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Measuring Fatness, Governing Bodies: The Spatialities of the Body Mass Index (BMI) in Anti-Obesity Politics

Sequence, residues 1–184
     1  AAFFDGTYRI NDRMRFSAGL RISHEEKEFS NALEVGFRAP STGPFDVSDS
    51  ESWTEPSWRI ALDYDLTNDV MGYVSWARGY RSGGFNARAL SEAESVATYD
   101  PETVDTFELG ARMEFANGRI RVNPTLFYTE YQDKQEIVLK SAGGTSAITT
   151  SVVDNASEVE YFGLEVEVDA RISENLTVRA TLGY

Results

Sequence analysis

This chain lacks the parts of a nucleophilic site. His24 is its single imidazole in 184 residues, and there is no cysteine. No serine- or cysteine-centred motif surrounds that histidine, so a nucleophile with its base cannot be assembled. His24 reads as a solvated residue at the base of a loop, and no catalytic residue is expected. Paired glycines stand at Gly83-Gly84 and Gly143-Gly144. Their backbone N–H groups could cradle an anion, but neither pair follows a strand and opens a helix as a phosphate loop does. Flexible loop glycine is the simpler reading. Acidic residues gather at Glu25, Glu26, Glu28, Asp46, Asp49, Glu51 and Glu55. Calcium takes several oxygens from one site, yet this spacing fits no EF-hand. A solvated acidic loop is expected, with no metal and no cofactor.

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Abstract:  The Body Mass Index (BMI) is the dominant means of defining and diagnosing obesity in national and international public health policy. This paper draws on geographical engagements with Foucault's work on biopower and governmentality to question the power afforded the BMI in obesity policy. With reference to a UK public health intervention involving the measurement of children's bodies within schools, the paper questions the multiple materialities and spatialities of the BMI with reference to both its role in the construction of geographies of obesity and its (in)ability to capture the fleshy, material, and experiential bodies of those individuals involved in the process of measurement. The paper contributes to poststructuralist health geographies through writing fleshy, active bodies into a Foucauldian reading of health and illness, thus questioning the justifications and implications of an obesity politics focussed on the BMI.

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